Does Informality Hinder Self-Enforcement? Evidence from Value-Added Tax in Pakistan

Project Details


The research funded by this proposal aims to bridge the gap by providing such evidence from the experience of one representative emerging economy. Conceptually, VAT is similar to other consumption-based taxes, such as the retail sales tax, but is believed to have lower enforcement costs given that it creates incentives for firms to trade with formal firms only. This self-enforcement mechanism, however, breaks down if credit-refund chains created by VAT are not complete. In developing countries this happens quite frequently because a large part of economic activity takes place in small unregistered firms. The objective of this research is to empirically evaluate the effects of such broken credit-refund chains on the compliance and efficiency of VAT. Concretely, we will use administrative data from Pakistan comprising the universe of VAT and income tax returns, invoice summary statements (transaction-level data), and firm characteristics data for the period 1990–2014 to:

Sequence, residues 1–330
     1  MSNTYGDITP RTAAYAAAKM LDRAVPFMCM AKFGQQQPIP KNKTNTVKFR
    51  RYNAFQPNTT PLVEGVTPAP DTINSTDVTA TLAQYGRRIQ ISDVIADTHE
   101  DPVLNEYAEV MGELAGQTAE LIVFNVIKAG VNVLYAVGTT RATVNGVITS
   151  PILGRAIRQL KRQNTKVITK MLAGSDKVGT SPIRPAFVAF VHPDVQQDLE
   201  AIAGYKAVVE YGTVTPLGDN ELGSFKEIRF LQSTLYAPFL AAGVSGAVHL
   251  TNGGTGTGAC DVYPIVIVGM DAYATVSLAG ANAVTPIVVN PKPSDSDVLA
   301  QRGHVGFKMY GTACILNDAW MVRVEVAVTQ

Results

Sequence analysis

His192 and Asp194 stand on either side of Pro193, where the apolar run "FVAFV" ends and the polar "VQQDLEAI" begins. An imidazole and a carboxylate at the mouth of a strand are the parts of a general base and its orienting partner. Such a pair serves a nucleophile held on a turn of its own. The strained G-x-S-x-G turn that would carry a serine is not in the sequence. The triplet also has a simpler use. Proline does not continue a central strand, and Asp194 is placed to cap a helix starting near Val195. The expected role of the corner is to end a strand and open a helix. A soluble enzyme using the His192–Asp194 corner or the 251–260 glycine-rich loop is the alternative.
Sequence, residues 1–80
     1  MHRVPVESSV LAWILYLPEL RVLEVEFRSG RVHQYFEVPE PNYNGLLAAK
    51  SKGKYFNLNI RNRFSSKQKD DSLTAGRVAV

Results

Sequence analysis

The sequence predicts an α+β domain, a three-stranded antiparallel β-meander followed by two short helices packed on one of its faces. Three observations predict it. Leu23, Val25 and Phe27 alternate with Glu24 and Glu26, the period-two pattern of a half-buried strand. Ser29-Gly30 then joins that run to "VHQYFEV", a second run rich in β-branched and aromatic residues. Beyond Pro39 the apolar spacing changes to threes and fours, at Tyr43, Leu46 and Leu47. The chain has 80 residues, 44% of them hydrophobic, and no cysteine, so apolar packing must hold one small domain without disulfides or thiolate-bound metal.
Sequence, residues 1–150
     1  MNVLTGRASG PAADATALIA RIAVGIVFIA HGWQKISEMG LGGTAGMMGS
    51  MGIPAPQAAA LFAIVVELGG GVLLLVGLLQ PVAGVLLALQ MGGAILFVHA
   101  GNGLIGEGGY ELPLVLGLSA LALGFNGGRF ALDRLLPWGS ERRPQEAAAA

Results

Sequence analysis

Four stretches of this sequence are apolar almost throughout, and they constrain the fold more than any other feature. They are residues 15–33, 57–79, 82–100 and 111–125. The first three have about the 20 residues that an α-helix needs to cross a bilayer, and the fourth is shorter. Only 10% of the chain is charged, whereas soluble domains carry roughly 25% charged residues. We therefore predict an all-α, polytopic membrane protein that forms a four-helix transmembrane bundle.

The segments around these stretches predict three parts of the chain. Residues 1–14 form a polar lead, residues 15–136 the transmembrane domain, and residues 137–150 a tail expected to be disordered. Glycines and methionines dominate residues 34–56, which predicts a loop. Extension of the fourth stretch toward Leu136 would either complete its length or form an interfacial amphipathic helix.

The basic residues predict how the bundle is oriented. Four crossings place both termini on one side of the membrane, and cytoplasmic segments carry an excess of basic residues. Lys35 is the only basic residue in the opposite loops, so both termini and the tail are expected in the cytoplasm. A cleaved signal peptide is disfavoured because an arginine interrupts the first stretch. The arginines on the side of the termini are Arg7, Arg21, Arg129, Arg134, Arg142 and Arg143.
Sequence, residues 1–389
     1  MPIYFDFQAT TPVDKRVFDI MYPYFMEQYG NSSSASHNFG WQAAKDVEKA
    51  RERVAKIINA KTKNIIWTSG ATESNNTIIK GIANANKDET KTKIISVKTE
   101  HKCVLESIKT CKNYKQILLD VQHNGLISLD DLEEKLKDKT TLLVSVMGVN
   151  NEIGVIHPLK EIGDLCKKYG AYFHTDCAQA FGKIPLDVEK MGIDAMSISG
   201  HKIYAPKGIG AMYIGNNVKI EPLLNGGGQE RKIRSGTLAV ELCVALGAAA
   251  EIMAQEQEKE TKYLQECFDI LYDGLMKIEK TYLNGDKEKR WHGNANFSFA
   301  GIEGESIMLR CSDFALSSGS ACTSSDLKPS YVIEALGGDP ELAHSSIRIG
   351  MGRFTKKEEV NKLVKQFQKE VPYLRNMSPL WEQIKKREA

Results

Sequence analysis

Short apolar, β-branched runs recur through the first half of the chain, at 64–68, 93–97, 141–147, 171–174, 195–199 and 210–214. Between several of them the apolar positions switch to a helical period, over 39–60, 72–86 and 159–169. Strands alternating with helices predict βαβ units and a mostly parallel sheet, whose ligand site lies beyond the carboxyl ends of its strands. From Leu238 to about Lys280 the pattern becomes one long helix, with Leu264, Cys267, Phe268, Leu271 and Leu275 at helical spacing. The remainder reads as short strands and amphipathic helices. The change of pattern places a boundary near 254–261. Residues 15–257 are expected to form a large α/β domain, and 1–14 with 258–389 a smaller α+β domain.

1. Investigate how the presence of an unregistered firm in a supply chain affects compliance among firms upstream and downstream the firm. Does self-enforcement unravel if a particular production stage in a supply chain is dominated by informal firms?
2. Estimate the importance of invoice-credit mechanism in determining compliance decision of a firm. Does value-added reported by a firm change significantly when a tax invoice is no longer material for the determination of its tax liability?
3. Examine if firms deliberately stay informal, keeping their size at a suboptimally low level below the exemption threshold, to escape VAT liability.
Short titleR:HSE Tax in Pakistan
Effective start/end date1/01/1631/12/18


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